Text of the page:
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Blog Birding #369

Eastern Neck National Wildlife Refuge in Maryland is in danger of closing, reports Birdwatching Daily, and here is a way birders can make their voices heard to potentially prevent that.

The Friends of Eastern Neck (FOEN) board of directors has been working with local politicians and Fish and Wildlife Service (FWS) personnel to encourage FWS to fill the vacant Wildlife Specialist (manager) position at the refuge. However, now that the FWS budget has been approved in Washington, there has been no indication that the position will be filled.

At 10,000 Birds, Carrie Laben takes the unpopular position that invasive species are worthy of appreciation, too.

I know we all hate European Starlings; I know that as environmentalists, this is part of our job. But come on. Like Darth Vader, the European Starling is objectively terrible AND objectively cool – the murmurations, the complex cacophony of their vocalizations, the inquisitiveness and toughness that make them such successful invaders in the first place – these birds deserve the same place in the American heart as the movie mobster, the grifter, and the pizza rat.

At On the Wing Photography, Mia McPherson considers an observation of Great Blue Herons and wonders whether climate change is behind their local movements.

I’ve seen Great Blue Herons in this canyon since I started photographing up there several years ago, it is not just one Great Blue that makes this canyon their home during the breeding season, while my mom and I were up there one day we saw three individual Great Blues as we traveled up the road. I’ve often wondered if the herons were nesting in the canyon and yesterday after I came home I did a little research into how high up Great Blue Herons nest.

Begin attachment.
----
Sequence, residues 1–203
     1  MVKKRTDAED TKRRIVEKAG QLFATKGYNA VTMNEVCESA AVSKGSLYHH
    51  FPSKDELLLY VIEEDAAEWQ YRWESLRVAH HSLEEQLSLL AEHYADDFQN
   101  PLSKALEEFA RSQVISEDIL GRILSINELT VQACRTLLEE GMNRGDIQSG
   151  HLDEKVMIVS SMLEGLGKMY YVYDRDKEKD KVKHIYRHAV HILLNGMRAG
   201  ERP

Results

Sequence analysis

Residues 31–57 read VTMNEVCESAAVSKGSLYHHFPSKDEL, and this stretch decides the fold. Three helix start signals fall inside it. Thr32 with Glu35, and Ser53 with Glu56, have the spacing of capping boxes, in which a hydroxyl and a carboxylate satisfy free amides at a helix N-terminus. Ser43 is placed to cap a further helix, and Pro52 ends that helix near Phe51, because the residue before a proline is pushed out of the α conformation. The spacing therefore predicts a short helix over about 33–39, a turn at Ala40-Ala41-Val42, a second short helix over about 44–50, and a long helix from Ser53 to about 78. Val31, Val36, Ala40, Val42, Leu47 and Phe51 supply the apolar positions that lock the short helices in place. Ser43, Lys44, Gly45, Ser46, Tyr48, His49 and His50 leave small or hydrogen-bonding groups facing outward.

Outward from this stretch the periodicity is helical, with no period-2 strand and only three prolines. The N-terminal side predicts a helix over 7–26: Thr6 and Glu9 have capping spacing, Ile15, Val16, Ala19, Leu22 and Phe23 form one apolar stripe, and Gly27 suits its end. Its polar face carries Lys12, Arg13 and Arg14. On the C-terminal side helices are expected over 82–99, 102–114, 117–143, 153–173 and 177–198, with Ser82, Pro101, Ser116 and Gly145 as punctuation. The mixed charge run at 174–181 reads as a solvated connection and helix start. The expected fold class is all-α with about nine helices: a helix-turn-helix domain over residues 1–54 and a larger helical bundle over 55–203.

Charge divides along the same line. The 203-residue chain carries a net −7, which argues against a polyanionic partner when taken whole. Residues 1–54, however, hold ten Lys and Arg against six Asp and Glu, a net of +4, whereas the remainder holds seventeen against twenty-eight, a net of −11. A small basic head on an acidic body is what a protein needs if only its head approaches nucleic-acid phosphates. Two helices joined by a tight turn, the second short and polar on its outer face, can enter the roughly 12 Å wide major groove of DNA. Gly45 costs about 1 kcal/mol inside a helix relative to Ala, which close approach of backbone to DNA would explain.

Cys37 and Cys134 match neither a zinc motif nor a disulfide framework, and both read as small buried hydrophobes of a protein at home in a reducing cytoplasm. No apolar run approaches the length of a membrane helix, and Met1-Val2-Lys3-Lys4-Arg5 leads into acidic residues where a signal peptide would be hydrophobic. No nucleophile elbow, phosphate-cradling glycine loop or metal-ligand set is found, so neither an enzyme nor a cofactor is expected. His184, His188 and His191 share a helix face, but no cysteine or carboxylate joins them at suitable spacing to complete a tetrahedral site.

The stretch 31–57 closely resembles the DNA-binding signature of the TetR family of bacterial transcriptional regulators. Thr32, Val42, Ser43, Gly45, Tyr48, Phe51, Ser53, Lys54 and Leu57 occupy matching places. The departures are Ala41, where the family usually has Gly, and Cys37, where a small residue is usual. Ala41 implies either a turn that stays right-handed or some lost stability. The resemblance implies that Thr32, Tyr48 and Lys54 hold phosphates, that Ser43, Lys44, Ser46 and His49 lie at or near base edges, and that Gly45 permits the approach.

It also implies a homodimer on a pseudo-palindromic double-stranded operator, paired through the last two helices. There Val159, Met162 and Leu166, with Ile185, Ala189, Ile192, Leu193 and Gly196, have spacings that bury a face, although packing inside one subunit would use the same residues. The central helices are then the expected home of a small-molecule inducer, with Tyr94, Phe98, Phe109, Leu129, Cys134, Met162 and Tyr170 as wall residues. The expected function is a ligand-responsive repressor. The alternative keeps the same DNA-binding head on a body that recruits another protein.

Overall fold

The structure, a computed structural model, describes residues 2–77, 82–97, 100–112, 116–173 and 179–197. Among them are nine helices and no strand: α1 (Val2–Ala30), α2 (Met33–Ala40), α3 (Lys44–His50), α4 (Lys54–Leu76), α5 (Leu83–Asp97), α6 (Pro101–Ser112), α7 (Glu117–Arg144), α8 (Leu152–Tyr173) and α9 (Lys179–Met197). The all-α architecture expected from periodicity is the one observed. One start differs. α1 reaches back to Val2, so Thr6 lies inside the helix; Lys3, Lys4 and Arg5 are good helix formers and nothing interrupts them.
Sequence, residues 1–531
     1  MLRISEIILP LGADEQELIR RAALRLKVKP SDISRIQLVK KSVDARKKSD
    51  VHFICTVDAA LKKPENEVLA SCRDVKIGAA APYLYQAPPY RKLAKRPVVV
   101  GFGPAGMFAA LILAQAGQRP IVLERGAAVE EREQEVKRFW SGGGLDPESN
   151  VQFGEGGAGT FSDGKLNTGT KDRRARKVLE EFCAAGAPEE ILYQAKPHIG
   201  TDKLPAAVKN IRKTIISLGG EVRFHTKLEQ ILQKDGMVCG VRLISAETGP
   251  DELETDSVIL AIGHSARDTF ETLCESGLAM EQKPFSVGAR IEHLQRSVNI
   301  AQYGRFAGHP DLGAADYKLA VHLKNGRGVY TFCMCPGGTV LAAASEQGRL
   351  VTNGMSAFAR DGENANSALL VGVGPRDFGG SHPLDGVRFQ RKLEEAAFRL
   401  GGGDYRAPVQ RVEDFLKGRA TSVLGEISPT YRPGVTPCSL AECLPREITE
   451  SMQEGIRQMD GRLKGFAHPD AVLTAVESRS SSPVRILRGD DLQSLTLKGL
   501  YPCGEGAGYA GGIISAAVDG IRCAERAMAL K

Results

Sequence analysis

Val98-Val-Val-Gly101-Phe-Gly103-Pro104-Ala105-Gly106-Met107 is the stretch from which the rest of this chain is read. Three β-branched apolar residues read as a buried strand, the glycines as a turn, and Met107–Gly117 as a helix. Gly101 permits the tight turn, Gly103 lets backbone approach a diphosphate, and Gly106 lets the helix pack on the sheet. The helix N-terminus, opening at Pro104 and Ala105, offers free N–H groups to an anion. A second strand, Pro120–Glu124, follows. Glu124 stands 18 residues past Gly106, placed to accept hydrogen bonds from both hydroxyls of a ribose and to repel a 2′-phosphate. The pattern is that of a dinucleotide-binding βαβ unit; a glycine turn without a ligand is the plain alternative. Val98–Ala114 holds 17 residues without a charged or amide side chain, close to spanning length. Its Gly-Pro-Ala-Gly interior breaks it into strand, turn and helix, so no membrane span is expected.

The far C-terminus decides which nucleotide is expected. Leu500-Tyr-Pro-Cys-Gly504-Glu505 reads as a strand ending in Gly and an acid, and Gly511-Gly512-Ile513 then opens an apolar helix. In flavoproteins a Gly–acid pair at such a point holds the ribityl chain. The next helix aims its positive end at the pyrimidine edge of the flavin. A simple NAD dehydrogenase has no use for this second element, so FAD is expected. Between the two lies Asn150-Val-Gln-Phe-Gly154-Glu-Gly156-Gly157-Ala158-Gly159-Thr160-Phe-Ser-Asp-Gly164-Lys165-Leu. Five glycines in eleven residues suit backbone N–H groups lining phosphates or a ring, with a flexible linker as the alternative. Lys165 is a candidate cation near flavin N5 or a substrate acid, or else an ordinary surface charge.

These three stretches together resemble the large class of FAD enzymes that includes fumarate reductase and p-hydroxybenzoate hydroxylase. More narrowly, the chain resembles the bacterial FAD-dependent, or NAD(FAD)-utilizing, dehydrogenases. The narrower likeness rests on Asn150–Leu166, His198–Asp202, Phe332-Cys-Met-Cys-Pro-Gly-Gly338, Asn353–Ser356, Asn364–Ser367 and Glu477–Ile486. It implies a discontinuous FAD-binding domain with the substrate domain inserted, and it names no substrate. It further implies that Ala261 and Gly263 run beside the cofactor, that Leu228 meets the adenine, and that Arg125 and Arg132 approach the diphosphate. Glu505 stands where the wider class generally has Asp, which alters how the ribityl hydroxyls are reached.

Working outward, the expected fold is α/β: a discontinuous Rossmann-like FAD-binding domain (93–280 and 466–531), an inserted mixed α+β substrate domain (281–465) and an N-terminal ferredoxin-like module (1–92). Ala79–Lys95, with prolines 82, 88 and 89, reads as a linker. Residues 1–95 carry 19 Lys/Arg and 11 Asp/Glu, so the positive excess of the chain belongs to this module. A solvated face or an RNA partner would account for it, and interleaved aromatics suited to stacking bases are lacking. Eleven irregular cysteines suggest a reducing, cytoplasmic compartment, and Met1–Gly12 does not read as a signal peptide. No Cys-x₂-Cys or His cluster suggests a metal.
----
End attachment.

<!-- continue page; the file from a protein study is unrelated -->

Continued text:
Ron Dudley at Feathered Photography shares a way for bird photographers to help researchers studying insect predation by birds.

Dr. Tallamy is requesting that bird photographers and birders throughout the country send him photos of birds with insects in their bill. He and his team of entomologists have embarked on a long-term research project to document which insects are eaten by which birds all over the US (especially during breeding season). Their primary concern is the “conservation and restoration of viable bird habitat. We can’t manage habitats for breeding birds without knowing what breeding birds eat while reproducing.” And he’s asking for our help

At Bird Canada, Sharon McInnes explores what it means to be an urban birder.

Here, on the twenty-second floor of Marlborough Tower, I keep my binoculars handy, one pair at the kitchen window and one pair on the deck, and spend more time than I like to admit watching the dozen pigeons, those unjustly-maligned doves-by-another-name that hang out on the library roof next door. (What do they eat up there? And why do they walk in circles?) Nathaniel Johnson devotes a fascinating chapter to them in his 2016 memoir-of-sorts,“Unseen City: the Majesty of Pigeons, the Discreet Charm of Snails, & Other Wonders of the Urban Wilderness”. I recommend it.

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Nate Swick

Nate Swick

Editor, Social Media Manager at American Birding Association
Nate Swick is the editor of the American Birding Association Blog, social media manager for the ABA, and the host of the American Birding Podcast. He lives in Greensboro, North Carolina, with his wife, Danielle, and two young children. He is the author of Birding for the Curious and The ABA Field Guide to Birds of the Carolinas.
Nate Swick

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